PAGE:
We present here, selected preliminary findings from the three-country pilot: 

In terms of sheer numbers, Malaysia topped the list. The media landscape in Malaysia, reflecting its population, is diverse linguistically and and spread out geographically. Given Singapore’s smaller population size, it was to be expected that there would be fewer publications. Despite Cambodia’s troubled decades-long history, its fledgling media space, though small, is encouraging. As a matter of course, most general publications carry some arts and culture content, but our research showed that the frequency and quality of arts and culture coverage was greatly wanting.

We did not include content on popular culture, TV, international and local mainstream films, fashion and other forms of popular culture and entertainment, as our focus was on the underserved local and regional arts and culture scenes. However, often, within the broader definition of arts and culture, pop culture and entertainment made up the lion’s share. While the researchers tried to wean these out, it was not always possible given the way these contents were branded in the publications themselves. 

It was encouraging to find that all three countries had publications dedicated exclusively to arts and culture, although the kinds of content carried (more on this later), revealed some worrying gaps.  Amongst the 37 Malaysian ACFPs is Dewan Budaya, a monthly magazine published by the National Language and Literary Board that will celebrate its 50th anniversary this year. Despite arts writing being in its infancy, in Cambodia, the researchers cite SEANG Sokcheng, co-founder of online website Wapatoa, which means ‘culture’, as an example of the young writers eager to develop new spaces. They note however that many of the ACFPs are more likely to run listings and activities and not a critical analysis of the arts. A further issue in Cambodia is that many young writers are trained overseas and write in English instead of Khmer, limiting the reach of their works.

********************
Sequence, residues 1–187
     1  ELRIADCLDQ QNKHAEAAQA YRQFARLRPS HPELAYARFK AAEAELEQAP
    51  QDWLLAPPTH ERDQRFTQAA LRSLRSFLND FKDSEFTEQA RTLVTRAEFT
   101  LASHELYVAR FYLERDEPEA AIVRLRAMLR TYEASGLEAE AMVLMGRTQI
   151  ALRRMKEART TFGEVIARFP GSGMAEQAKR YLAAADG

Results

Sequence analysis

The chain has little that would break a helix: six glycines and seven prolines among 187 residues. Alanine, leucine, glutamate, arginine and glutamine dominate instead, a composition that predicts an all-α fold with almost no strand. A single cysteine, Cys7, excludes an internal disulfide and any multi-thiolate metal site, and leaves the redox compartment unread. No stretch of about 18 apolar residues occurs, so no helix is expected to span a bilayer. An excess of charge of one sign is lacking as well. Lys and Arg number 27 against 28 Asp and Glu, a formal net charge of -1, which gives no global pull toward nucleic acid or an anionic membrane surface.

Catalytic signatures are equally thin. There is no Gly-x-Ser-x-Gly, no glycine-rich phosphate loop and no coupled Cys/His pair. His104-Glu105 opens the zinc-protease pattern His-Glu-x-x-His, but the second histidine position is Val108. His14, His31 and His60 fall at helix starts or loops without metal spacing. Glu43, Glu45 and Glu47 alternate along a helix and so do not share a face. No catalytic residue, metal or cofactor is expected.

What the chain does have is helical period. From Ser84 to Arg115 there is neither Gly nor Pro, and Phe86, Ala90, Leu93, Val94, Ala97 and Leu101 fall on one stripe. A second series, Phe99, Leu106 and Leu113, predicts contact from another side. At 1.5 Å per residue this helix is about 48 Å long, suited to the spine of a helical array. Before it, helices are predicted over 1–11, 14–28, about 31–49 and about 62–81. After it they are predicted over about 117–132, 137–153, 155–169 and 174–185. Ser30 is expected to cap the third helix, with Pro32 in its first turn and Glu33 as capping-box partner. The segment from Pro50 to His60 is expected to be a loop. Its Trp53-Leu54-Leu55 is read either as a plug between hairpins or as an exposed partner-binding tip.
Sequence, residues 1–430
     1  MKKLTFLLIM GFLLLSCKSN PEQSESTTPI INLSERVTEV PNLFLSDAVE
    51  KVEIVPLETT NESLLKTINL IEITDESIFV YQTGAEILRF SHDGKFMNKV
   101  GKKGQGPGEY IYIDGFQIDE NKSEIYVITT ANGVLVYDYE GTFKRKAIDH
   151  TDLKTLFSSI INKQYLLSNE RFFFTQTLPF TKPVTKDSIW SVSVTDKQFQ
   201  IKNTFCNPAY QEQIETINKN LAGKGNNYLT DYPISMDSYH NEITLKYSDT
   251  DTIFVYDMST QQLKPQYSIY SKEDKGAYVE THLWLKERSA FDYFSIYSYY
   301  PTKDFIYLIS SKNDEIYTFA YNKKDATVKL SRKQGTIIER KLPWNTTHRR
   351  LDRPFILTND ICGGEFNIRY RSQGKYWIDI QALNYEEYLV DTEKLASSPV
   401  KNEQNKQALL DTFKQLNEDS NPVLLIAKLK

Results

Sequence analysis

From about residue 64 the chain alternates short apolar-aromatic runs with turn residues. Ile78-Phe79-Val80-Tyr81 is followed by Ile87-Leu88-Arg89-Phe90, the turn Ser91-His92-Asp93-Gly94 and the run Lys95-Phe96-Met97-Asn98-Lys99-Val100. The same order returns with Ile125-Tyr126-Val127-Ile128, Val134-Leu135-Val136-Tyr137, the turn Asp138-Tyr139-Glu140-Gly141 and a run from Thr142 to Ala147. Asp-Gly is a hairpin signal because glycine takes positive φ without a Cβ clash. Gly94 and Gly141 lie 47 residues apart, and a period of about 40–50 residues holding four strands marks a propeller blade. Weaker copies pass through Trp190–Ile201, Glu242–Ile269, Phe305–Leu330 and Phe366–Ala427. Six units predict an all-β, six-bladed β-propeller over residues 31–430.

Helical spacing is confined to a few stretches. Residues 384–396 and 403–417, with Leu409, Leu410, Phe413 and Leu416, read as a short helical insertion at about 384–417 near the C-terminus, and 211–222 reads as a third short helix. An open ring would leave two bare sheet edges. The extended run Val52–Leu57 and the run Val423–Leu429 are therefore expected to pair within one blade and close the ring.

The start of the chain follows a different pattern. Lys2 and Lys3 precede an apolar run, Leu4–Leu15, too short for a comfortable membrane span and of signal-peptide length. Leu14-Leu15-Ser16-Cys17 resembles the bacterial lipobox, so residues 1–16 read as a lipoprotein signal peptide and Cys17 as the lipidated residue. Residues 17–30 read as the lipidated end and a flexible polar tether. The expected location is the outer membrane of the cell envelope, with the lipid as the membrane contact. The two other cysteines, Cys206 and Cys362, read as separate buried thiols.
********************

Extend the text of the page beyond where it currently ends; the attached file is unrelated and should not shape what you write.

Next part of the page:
Relative to its small media footprint, in Singapore, close to half of all media that carry arts and culture content are publications that focus on arts and culture. Some of these publications are produced by arts institutions themselves, such as The Esplanade’s website, Offstage, which has evolved from a site promoting the art centre itself into a respected platform which publishes original arts-related content. Overall, the findings seem consistent with the widely held view that the Singapore arts scene is one of the most developed and institutionally robust in the region, due in part to the state’s forward-looking policy and funding programmes over the past few decades. Cambodia’s 12 publications dedicated to arts and culture is also a positive sign, and speaks to the revitalised arts and culture space that recent policy initiatives may have helped to engender.